US Stamps

Espresso drink fans get four U.S. stamps for their favorites

Mar 16, 2021, 2 PM

By Michael Baadke

A new set of four United States forever stamps highlighting popular espresso drinks will be issued nationwide April 9.

The nondenominated (55¢) stamps will be issued in a double-sided pane of 20, which the U.S. Postal Service describes as a booklet.

The beverages, each depicted in a single cup or glass mug against a solid color or gradient background, are caffe latte, espresso, caffe mocha and cappuccino.

The designated city of issue is Seattle, Wash.

Why Seattle? As Sara Dickerman wrote in Seattle magazine in 2018, it’s “the coffee-drinkingest town in all the country.”

Dickerman attributed this affection to the city’s long, dark winters and a need for “constant warming up and mood lifting.”

While espresso differs from standard coffee, prepared espresso drinks such as those shown on the new stamps are created from coffee beans and commonly served in coffee shops.

Seattle has a long history as home to independent coffeehouses. One of the nation’s largest coffee shop chains, Starbucks, got its start in the Emerald City, as did Seattle’s Best, a well-known coffee retailer and wholesaler.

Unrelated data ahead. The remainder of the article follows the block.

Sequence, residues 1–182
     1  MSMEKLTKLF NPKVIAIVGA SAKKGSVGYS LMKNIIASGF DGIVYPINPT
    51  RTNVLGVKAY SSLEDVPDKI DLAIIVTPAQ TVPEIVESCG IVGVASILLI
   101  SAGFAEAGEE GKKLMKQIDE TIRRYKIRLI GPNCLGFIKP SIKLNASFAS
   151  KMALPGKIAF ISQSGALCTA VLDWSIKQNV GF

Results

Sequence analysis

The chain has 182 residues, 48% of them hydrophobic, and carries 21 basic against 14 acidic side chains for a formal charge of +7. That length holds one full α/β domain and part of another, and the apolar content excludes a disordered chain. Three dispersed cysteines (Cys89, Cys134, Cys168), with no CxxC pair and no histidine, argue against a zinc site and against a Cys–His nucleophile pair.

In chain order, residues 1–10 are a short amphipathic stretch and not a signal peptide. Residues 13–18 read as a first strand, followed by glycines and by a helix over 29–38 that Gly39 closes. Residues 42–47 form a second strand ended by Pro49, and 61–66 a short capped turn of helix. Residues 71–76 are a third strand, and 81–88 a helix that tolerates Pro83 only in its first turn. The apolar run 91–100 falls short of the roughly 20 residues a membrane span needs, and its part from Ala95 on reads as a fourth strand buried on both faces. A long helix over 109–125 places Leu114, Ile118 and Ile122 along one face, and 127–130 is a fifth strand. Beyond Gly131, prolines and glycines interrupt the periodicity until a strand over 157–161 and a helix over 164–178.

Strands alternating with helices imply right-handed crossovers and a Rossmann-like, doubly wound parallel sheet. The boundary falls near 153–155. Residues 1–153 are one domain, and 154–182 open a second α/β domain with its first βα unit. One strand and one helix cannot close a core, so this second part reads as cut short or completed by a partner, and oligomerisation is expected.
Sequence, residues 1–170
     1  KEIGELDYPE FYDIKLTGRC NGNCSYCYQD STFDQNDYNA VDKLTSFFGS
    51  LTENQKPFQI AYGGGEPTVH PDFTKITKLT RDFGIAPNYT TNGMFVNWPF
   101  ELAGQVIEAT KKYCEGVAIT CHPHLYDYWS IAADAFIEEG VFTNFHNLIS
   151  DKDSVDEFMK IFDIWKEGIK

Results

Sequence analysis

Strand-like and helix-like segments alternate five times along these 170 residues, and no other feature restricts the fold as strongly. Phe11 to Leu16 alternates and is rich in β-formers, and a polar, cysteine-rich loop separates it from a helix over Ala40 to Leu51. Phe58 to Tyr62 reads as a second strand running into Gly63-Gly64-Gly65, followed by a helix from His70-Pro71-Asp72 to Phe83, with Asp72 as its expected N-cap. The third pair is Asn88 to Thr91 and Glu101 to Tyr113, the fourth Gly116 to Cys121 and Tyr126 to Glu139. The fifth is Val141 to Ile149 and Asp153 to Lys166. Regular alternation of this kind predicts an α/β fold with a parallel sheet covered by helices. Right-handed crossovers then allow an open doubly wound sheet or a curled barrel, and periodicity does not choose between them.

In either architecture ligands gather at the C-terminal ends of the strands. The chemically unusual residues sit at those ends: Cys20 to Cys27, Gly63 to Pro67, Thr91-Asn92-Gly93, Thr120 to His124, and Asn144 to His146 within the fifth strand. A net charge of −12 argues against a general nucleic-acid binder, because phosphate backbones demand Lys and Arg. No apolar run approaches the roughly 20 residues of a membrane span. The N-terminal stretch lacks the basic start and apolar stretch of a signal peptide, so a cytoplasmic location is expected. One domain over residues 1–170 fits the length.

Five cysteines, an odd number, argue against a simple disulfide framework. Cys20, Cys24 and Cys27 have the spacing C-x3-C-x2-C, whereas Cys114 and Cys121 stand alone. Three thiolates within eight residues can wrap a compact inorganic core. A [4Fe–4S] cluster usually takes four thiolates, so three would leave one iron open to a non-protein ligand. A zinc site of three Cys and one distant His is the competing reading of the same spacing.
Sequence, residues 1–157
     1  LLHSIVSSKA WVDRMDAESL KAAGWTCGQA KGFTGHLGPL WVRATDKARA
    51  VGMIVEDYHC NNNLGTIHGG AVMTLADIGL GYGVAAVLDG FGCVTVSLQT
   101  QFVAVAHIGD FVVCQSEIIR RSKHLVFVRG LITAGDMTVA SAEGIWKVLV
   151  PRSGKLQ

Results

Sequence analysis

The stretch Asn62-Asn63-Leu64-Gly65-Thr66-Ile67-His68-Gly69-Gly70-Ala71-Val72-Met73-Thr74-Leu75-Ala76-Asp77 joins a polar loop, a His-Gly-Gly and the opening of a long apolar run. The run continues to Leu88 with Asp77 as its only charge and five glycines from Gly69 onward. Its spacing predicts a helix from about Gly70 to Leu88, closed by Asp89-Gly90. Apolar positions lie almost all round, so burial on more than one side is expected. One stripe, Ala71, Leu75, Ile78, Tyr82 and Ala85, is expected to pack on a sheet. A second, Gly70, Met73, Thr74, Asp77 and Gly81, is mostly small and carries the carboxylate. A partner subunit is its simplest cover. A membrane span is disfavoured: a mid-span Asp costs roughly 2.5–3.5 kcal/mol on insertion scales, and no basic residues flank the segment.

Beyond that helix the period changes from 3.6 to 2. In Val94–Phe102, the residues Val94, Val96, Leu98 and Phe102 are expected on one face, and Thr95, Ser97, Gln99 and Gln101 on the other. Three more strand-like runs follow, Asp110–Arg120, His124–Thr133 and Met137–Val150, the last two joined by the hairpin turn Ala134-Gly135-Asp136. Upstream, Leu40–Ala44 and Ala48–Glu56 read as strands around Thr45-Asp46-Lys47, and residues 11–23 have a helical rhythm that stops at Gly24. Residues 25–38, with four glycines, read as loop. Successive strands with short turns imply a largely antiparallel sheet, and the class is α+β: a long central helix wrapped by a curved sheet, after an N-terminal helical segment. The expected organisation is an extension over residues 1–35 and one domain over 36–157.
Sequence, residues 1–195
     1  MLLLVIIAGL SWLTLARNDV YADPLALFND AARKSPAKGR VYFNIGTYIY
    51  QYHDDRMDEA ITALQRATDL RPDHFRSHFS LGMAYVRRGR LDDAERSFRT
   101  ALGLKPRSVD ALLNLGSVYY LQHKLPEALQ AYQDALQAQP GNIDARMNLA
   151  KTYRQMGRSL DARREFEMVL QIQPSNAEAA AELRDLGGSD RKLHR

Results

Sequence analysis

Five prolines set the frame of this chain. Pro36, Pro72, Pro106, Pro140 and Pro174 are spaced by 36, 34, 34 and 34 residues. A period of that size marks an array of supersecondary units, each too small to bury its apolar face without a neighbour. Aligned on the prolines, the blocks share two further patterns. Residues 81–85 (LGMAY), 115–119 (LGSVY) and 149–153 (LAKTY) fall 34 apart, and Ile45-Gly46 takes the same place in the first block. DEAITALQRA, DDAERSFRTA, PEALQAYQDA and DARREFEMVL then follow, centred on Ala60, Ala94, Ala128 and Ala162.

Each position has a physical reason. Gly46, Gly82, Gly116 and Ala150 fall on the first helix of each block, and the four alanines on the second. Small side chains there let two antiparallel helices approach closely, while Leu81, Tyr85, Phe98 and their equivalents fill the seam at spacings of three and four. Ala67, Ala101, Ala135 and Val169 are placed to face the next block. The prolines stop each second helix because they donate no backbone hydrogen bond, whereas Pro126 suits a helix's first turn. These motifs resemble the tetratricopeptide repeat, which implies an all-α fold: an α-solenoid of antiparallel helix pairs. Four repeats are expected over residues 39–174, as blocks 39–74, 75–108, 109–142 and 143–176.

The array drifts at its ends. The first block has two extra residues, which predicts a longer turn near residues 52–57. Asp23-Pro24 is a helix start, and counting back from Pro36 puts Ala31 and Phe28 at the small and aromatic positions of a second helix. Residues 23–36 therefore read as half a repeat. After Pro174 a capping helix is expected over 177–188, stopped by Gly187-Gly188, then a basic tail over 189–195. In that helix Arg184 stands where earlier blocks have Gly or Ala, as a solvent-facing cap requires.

The beverages appearing on the new stamps are mainstays of coffee shops such as Starbucks and others.

The four new stamps each feature a digital illustration of one of the espresso drinks, with artwork by Terry Allen.

“Capturing the inviting atmosphere of an early 20th-century cafe, each digital illustration was created with the style of 1920s and 1930s advertising posters in mind,” the Postal Service said in its announcement of the new stamps. “The names of the espresso drinks appear in art deco-inspired lettering above or below each enticing cup.”

The stamps were designed by USPS art director Greg Breeding.

For the uninitiated, here is a brief rundown of each drink’s characteristics.